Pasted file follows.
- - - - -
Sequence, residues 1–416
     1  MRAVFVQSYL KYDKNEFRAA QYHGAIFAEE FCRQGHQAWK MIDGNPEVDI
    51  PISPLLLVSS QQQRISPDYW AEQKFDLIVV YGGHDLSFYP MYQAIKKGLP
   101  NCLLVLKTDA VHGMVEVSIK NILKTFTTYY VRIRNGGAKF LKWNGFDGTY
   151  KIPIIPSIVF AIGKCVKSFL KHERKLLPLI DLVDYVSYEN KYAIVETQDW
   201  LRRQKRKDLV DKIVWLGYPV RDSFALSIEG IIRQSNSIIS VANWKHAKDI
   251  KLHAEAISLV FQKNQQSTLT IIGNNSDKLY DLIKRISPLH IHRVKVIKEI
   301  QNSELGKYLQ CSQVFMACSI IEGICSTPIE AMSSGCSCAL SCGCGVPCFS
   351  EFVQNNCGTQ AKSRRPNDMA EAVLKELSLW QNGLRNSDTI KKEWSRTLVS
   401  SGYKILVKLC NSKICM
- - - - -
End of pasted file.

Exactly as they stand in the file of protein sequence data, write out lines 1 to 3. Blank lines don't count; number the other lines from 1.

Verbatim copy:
Sequence, residues 1–416
     1  MRAVFVQSYL KYDKNEFRAA QYHGAIFAEE FCRQGHQAWK MIDGNPEVDI
    51  PISPLLLVSS QQQRISPDYW AEQKFDLIVV YGGHDLSFYP MYQAIKKGLP